Dark Side of Network Effects :: March :: 2006

Niel Robertson came by my office today and we had a great 1 1/2 hour conversation about everything from SAP/Oracle business to online advertising arbitrage. The advertising topic is what spurred this post upon reading Will Hsu's post about the Dark Side of Network Effects. I had a good laugh with Niel when I told him about the recent Under the Radar event and how every company that got onstage seemed to have the same answer to the "what's your business model" question: "we are advertising driven".

If you run the numbers on the wide range of companies that intend to be advertising revenue based you quickly come to the conclusion that the numbers just don't seem to work unless they have extremely well targeted demographics and high value click throughs. in other words, getting paid $30 for an insurance signup clickthrough (CPA/CPC) only works if it costs you less than $30 to deliver that one clickthrough. For most businesses they won't get to those numbers, as per Will's post, and they won't get to the kinds of volumes that are required to sustain a low value CPM driven model.

With Microsoft building the "Internets largest advertising network" I would suspect that online advertising will continue to be a buyers market.

this is a cautionary tale for all the web 2.0 plays out there. . . if you attract the wrong kind of community initially, you are building the wrong kind of network effects that could quickly deterioate

New SAP Blogger

Welcome Thomas Otter, new blogger who also works for SAP. BTW, this is one of the best looking blogs I have seen, I was stunned to see that it's a standard template in wordpress.com. The ranks of SAP bloggers is slowly but steadily building out, we should put a community page on sap.com.

Widgets

I continue to be fascinated by the Dashboard feature in my new Mac, there is an amazing array of widgets available that extend the functionality of existing services in very useful ways. I have also seen a trend of vendors offering widgets or encouraging their community to develop widgets, as evidenced by this contest that 37Signals ran offering a year of premium service to anyone who developed the best Dashboard widget.

Widgets, of all kinds, are one of the realized benefits of SOA (whatever incarnation you want to refer to) because rather than requiring users to go to you app you are bringing your app to them, and more importantly you are enabling an external community to actually take responsibility for developing useful widgets (and their close cousin, mashups).

I can't wait for enterprise software vendors to get on this bus, however it's not evident that we're even at the bus stop as of yet. Salesforce comes close with their appexchange, but I'm not sure that is full web 2.0 as yet. I have seen some Firefox extensions for SAP, although I would bet that it is a complete mystery to most developers at SAP, and if not, then why didn't someone at SAP write these?

SAP and Unions Works Council, a German issue

I wish I had more color commentary on this issue, which has been brewing for a while in our German headquarters, but it's largely a mystery to me how these union issues work.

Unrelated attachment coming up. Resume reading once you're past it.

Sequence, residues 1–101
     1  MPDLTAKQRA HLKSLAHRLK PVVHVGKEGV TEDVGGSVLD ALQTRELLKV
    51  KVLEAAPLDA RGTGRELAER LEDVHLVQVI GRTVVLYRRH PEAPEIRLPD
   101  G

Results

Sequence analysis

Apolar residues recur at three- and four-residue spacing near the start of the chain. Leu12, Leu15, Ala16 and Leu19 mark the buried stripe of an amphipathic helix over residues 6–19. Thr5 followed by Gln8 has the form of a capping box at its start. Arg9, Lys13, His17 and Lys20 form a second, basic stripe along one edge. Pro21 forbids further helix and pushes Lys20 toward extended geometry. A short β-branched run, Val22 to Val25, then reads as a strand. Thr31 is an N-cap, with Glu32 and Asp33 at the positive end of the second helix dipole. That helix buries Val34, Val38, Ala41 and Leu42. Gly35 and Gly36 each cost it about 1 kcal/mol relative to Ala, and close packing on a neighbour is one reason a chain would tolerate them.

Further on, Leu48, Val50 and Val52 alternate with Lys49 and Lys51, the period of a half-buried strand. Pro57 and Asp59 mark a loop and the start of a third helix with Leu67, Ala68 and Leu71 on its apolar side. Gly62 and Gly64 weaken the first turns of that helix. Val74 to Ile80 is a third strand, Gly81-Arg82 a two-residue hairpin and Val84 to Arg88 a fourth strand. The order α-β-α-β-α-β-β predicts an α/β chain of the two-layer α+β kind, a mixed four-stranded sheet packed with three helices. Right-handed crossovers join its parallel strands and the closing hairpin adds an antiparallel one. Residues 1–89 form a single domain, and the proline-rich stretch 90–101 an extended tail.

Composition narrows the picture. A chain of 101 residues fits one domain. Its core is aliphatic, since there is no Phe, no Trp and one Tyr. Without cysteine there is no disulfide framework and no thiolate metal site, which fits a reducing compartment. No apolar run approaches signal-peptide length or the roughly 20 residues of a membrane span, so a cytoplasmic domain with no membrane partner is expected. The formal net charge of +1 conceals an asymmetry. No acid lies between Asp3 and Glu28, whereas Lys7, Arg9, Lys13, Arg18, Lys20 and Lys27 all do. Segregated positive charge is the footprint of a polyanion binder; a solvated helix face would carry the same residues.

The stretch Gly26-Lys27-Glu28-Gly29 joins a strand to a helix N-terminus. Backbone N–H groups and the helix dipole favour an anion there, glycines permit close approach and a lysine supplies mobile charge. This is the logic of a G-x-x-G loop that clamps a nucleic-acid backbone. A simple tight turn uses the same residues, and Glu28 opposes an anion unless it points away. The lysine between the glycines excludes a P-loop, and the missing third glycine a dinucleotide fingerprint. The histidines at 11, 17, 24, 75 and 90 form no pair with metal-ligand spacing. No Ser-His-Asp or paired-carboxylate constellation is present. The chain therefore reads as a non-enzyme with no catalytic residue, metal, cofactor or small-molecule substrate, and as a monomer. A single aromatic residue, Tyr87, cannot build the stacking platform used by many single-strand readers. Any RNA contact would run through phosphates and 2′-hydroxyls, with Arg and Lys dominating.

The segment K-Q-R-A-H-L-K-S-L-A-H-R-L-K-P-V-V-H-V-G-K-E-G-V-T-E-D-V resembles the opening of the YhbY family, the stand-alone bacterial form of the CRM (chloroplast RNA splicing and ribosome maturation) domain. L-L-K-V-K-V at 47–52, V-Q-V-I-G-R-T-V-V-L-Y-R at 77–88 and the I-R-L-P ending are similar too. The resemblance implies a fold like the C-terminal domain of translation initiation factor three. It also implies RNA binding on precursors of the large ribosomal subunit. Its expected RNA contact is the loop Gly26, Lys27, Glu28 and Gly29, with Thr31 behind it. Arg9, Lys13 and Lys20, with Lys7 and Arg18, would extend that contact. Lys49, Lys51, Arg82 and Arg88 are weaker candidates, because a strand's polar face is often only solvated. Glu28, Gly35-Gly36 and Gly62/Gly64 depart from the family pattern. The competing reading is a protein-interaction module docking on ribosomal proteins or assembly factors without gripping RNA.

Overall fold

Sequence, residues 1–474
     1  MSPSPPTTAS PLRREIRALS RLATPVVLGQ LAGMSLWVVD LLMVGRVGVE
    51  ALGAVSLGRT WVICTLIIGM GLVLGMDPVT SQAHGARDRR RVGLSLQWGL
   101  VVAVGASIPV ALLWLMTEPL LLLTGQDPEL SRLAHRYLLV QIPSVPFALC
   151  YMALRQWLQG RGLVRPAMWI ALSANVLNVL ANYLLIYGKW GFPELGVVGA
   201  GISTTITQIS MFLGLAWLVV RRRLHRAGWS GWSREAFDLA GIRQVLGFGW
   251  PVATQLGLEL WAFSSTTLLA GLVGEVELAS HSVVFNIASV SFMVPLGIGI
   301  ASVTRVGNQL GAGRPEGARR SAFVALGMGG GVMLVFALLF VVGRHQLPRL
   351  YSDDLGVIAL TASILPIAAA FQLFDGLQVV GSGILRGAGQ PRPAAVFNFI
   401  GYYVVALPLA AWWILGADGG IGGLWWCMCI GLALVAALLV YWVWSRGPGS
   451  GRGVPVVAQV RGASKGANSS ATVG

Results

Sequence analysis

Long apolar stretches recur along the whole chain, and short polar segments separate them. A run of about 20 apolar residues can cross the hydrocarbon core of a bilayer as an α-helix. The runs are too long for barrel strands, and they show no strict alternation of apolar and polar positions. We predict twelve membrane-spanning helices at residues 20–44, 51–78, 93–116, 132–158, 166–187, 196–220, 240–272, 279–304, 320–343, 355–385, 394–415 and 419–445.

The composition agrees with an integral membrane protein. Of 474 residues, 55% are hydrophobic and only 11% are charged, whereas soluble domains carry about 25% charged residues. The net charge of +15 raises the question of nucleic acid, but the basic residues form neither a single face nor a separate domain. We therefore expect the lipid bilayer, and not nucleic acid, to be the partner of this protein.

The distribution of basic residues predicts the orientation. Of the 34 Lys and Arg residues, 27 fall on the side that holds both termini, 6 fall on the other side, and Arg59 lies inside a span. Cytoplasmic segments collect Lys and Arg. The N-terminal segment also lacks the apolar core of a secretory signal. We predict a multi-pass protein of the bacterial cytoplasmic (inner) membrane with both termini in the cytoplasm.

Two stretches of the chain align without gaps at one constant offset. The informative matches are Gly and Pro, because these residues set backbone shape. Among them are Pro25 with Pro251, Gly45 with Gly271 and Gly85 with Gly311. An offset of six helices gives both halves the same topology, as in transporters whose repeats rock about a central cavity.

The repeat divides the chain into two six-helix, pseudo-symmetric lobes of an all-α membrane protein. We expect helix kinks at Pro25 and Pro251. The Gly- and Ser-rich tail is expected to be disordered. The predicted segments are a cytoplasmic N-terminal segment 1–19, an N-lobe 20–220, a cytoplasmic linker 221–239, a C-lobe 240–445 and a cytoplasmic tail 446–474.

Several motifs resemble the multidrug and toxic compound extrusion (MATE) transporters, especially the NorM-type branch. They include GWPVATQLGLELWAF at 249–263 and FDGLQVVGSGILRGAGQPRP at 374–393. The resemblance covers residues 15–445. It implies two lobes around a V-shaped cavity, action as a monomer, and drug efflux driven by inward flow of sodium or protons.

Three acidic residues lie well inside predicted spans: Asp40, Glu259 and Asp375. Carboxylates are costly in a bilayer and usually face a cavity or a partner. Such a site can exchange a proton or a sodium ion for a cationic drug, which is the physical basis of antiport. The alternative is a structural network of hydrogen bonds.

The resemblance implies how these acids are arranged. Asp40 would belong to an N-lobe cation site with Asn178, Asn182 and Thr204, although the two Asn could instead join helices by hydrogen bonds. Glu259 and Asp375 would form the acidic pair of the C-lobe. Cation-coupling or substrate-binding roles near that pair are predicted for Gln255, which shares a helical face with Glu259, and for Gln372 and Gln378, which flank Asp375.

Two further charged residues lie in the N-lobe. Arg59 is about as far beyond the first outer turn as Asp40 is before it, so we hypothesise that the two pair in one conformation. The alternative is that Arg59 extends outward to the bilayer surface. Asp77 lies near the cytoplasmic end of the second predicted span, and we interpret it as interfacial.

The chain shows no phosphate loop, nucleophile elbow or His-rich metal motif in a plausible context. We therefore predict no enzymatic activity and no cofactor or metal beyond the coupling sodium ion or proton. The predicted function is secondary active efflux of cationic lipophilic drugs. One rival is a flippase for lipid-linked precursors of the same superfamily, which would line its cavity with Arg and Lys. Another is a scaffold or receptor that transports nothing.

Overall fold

I know there are some pretty intense emotions on the anti-union side, which is interesting and hopefully reflects a generational shift in attitudes toward markets and labor in Germany. However, having read what I just wrote I probably wouldn't agree with it either for the simple reason that college graduates per capita is still lower than the U.S., and unemployment for youths is still high compared to other economies, such as the UK. Lastly, there is a lot of anxiety about jobs moving offshore to India and nearshore to Eastern Europe, and this largely plays into the hands of the old-time union folk. 

SAP moves to create non-union workers' council | InfoWorld | News | 2006-03-15 | By John Blau, IDG News Service SAP has taken steps to form a workers' council comprised of non-union employees in an effort to fend off what the German software vendor views as the harmful influence of unions on its "startup" company culture.

UPDATE: It was pointed out in the comments that I was confusing the issue of works councils and unions, and that it is correct. In an effort to clarify what a "works council" is, here are some of the rights that they enjoy. The last point is the most important one because I don't think that the current effort to establish a works council is motivated by benefits, I think it is driven by the fact that SAP has been building substantial software development capability in India, the U.S., and Eastern Europe.

More influence for employees. Works council has to be consulted by the Board if company plans to:
- lay off or hire people
- introduce technical means to control peoples work habits or behaviour
- introduce new remuneration models or change existing ones
- build new technical facilities (but this applies more to the industrial sector)
- change work processes

Work council can furthermore influence:
- protection of work safety and health conditions (pregnacy, ergonomics etc.)

More information for employees. Board has to notifiy works council if the plan to:
- lay off or regroup people
- relocate workers to other workplaces
Important: Works council has legal means to oppose. If Board and council cannot agree, they will have to go to court over this

History in the making, Google takes a product out of beta

Does anyone know what other Google developed services, aside from the OS (Original Search), are not in a beta status?

Inside Google Desktop: Take 'ctrl' of your Desktop

in the new version of Google Desktop 3 (which is coming out of beta today), we’ve fixed a few things from the beta, and we’re also introducing a new element that makes it more convenient to find what you're looking for by enabling you to search the web as well as your local computer, or email, as you type. We call it the Quick Search Box.